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Singer Kathleen Edwards performs at Royal Ottawa’s record-breaking Inspiration Awards Gala

Black-tie dinner raises $521K for mental health research and care, auctions off two private concerts with Edwards.

The 16th Annual Inspiration Awards Gala for the Royal Ottawa Foundation for Mental Health offered up a bit of magic, a lot of hope and a very special performance from Canadian singer-songwriter and musician Kathleen Edwards.

The Ottawa-based artist took to the stage Friday night with her acoustic guitar to croon an old Joni Mitchell tune, in front of a black-tie crowd of more than 550 business people and community leaders. For her, the cause of mental illness is deeply personal; she was diagnosed with a mood disorder in 2012, the same year she released her last album.

“There is no greater relief that I can think of in my entire life than having a doctor say, ‘I believe you have clinical depression and I’d like to prescribe to you a medication that might help you’,” she told everyone in the Infinity Convention Centre ballroom, which was beautifully lit up in colourful but calming hues. “Within several weeks, I was feeling like there was a piece of me that came back into the universe.

“I know first-hand the feelings of helplessness and hopelessness, and they are very powerful things that disengage any rational and any true feeling you know about yourself.”

The gala, once again presented by TD Bank Group, was wildly successful. It raised a record-breaking $521,724 for mental health research and care at The Royal Ottawa. There were also some amazing personal stories shared through the presentation of six awards to those who have overcome challenges related to mental illness, educated others about the importance of dealing with mental health issues, and helped to reduce the stigma surrounding mental illness.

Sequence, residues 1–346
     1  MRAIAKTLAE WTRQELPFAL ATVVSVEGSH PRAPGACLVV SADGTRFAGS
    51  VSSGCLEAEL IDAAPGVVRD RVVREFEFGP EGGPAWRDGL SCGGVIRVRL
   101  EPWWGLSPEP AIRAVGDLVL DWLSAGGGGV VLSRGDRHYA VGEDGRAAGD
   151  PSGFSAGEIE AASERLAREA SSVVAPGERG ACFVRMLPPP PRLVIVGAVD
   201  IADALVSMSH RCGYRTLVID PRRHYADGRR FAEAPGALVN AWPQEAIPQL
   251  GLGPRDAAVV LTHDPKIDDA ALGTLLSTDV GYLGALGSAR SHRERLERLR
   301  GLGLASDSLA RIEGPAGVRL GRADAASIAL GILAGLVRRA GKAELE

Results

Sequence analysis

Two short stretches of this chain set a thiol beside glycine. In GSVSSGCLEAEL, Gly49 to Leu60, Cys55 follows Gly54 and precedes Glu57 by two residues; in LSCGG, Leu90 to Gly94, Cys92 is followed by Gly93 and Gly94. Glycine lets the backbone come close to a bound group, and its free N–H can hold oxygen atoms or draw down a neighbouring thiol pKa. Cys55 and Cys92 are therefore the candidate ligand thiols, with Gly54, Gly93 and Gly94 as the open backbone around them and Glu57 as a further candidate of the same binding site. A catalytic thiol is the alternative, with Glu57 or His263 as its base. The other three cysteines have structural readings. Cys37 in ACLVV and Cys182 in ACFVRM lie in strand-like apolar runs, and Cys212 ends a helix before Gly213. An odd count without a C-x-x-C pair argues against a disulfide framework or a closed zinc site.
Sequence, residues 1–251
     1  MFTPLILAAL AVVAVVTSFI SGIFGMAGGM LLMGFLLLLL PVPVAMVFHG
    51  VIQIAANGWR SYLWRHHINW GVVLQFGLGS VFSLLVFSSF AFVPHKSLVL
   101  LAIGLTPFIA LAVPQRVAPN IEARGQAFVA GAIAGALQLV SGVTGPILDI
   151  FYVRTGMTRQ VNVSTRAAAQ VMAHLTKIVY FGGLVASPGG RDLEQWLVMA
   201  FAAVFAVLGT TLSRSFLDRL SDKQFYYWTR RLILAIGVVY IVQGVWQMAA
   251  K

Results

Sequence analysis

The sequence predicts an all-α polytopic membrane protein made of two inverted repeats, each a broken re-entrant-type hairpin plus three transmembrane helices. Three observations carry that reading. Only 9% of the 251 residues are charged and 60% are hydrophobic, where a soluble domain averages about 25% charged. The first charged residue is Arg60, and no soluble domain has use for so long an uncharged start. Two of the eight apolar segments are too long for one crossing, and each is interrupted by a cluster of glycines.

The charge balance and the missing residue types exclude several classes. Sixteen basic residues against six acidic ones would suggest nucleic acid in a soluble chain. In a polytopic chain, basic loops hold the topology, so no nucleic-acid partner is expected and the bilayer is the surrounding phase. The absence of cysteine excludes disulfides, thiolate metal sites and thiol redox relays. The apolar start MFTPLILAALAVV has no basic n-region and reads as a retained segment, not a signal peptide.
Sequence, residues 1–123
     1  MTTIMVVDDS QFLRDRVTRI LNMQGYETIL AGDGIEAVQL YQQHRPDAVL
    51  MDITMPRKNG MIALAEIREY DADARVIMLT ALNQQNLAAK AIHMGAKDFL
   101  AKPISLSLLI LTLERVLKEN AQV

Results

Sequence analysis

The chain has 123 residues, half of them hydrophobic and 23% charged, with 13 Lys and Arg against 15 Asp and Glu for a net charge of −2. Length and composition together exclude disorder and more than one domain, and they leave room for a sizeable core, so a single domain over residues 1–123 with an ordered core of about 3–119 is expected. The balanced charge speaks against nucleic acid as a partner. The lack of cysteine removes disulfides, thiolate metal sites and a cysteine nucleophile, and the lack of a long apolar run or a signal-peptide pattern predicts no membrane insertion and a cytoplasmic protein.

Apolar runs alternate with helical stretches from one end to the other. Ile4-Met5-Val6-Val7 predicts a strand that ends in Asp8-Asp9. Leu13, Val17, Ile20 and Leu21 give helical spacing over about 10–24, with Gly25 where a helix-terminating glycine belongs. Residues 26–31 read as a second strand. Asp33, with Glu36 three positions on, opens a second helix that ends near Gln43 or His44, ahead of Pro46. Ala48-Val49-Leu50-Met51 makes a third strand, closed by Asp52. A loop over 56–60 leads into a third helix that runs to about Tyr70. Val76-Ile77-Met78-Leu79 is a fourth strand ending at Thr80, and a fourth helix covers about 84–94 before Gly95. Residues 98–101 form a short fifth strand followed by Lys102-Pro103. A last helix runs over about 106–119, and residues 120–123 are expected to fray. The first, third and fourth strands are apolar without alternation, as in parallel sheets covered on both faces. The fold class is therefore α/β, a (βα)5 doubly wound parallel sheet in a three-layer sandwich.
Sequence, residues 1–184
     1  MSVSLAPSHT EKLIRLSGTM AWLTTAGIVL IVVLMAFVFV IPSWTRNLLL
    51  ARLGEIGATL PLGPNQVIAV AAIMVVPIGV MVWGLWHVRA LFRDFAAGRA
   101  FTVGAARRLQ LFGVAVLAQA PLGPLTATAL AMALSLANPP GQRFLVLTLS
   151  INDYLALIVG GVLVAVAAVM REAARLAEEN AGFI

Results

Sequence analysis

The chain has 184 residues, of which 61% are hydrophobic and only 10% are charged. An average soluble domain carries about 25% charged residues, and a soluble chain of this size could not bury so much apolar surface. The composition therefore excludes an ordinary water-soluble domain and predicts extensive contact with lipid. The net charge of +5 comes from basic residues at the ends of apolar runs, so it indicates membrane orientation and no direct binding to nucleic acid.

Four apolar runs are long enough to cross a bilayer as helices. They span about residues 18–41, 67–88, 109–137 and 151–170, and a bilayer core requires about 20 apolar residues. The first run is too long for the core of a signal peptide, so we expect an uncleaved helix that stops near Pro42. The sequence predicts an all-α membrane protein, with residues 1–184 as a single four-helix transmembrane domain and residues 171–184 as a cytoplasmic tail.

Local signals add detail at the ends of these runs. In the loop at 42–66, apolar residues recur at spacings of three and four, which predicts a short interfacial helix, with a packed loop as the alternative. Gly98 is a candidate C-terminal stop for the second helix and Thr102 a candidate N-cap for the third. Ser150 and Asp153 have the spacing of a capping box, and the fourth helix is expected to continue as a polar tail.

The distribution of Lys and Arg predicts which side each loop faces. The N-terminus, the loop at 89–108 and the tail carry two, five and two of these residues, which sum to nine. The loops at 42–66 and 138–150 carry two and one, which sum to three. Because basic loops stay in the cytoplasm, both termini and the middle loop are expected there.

VIPs included such prominent mental health advocates as honourary patron Margaret Trudeau, mother of Prime Minister Justin Trudeau; former governor general David Johnston and his wife, Sharon; and The Royal’s community ambassador, hockey hero Daniel Alfredsson, with his wife, Bibbi, honourary chair of Run for Women. They brought their oldest boy, Hugo, 15, who attends Ashbury College.

Former Inspiration Award recipient Stephanie Richardson was also among the notable supporters. She co-founded the Do It For Daron (DIFD) youth mental health movement with her husband, former NHLer Luke Richardson, following the tragic suicide of their daughter, Daron, 14, in 2010. Luke is now an assistant coach to Claude Julien with the Canadiens. Stephanie helped secure for the live auction a Habs VIP experience for 12 in Montreal.

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